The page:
The FINANCIAL -- Freddie Mac on July 9 released the results of its Primary Mortgage Market Survey (PMMS), showing an investor flight to safety for U.S. Treasuries is pushing average fixed mortgage rates lower and helping to keep buyer activity strong toward the close of the spring homebuying season.
30-year fixed-rate mortgage (FRM) averaged 4.04 percent with an average 0.6 point for the week ending July 9, 2015, down from last week when it averaged 4.08 percent. A year ago at this time, the 30-year FRM averaged 4.15 percent.
15-year FRM this week averaged 3.20 percent with an average 0.5 point, down from last week when it averaged 3.24 percent. A year ago at this time, the 15-year FRM averaged 3.24 percent.
5-year Treasury-indexed hybrid adjustable-rate mortgage (ARM) averaged 2.93 percent this week with an average 0.4 point, down from last week when it averaged 2.99 percent. A year ago, the 5-year ARM averaged 2.99 percent.
1-year Treasury-indexed ARM averaged 2.50 percent this week with an average 0.3 point, down from last week when it averaged 2.52 percent. At this time last year, the 1-year ARM averaged 2.40 percent.
Average commitment rates should be reported along with average fees and points to reflect the total upfront cost of obtaining the mortgage. Visit the following links for the Regional and National Mortgage Rate Details and Definitions. Borrowers may still pay closing costs which are not included in the survey.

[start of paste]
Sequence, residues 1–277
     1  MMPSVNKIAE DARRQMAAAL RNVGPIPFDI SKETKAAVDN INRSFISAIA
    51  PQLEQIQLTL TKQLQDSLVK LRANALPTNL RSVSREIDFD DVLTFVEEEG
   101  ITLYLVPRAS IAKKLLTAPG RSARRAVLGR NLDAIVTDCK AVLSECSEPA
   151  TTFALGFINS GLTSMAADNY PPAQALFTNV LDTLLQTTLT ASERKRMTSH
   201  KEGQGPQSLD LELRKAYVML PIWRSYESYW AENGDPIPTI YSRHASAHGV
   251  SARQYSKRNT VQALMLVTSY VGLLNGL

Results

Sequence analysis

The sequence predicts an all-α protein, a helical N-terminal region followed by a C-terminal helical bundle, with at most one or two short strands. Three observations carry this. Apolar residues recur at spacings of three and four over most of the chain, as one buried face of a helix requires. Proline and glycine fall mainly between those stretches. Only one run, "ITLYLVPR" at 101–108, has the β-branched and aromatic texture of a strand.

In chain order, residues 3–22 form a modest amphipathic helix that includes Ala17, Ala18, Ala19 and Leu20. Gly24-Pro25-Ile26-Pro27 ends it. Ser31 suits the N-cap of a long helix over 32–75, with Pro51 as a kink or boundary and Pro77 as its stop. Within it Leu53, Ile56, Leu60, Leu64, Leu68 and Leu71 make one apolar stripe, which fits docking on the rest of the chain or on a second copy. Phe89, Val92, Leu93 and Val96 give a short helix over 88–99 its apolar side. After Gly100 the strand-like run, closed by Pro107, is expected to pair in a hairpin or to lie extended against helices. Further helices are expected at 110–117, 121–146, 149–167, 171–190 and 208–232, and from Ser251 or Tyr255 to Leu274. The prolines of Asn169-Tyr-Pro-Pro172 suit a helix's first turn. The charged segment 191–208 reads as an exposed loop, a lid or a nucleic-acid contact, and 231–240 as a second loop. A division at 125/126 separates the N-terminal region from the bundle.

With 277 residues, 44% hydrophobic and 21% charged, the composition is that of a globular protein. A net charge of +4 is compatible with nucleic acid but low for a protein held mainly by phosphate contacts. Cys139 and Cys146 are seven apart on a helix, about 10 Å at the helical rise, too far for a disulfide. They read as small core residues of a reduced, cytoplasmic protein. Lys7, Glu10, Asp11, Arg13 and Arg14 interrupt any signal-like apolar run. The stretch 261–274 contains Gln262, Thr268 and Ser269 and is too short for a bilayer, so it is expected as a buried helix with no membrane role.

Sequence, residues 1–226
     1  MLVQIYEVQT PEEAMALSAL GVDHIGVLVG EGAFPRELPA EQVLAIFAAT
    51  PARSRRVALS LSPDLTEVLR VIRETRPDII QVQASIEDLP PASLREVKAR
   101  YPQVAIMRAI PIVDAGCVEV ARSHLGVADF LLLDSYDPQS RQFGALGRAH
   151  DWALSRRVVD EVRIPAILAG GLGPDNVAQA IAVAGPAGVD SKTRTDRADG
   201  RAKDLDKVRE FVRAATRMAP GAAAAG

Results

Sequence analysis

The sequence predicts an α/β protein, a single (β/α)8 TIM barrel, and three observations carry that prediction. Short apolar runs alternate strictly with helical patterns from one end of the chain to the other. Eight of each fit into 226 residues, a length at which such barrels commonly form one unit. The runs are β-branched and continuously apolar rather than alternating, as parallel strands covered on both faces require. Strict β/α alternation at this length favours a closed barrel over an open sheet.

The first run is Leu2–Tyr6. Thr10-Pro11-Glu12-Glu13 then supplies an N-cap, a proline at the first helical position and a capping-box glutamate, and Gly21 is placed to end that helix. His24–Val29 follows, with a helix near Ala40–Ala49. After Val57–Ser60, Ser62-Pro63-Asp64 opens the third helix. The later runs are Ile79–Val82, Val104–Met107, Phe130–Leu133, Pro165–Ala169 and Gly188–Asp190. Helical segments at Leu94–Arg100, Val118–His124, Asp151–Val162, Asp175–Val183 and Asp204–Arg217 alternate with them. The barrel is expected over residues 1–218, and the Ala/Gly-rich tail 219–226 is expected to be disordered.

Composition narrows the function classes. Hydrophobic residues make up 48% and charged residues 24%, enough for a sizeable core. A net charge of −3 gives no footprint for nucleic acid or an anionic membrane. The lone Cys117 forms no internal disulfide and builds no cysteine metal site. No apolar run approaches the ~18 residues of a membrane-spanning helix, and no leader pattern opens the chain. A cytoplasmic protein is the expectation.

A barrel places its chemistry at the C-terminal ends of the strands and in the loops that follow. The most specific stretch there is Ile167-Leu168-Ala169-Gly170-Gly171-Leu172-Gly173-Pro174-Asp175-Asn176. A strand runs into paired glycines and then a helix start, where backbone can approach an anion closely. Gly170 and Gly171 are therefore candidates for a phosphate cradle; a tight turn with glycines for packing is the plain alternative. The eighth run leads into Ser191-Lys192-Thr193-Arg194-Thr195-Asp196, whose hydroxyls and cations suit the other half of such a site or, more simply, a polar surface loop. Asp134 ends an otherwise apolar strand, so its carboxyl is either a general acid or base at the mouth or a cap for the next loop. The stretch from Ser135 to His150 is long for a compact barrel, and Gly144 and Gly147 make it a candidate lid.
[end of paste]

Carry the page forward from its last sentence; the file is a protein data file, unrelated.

Attributed to Sean Becketti, chief economist, Freddie Mac.
"Yields on Treasury securities declined this week in response to investor concerns about events in Greece and China. Mortgage rates fell as well, although not by as much as government bond yields. The rate on 30-year fixed-rate mortgages fell 4 basis points to 4.04 percent."
"Overseas volatility is likely to persist for some time, providing some restraint on potential U.S. rate increases. In addition, the minutes [PDF] of the June meeting of the Federal Open Market Committee suggest the Federal Reserve will proceed cautiously -- monitoring events both overseas and in the U.S. to ascertain the appropriate moment to begin raising short-term interest rates. As a result, mortgage rates may remain in the neighborhood of 4 percent for a while."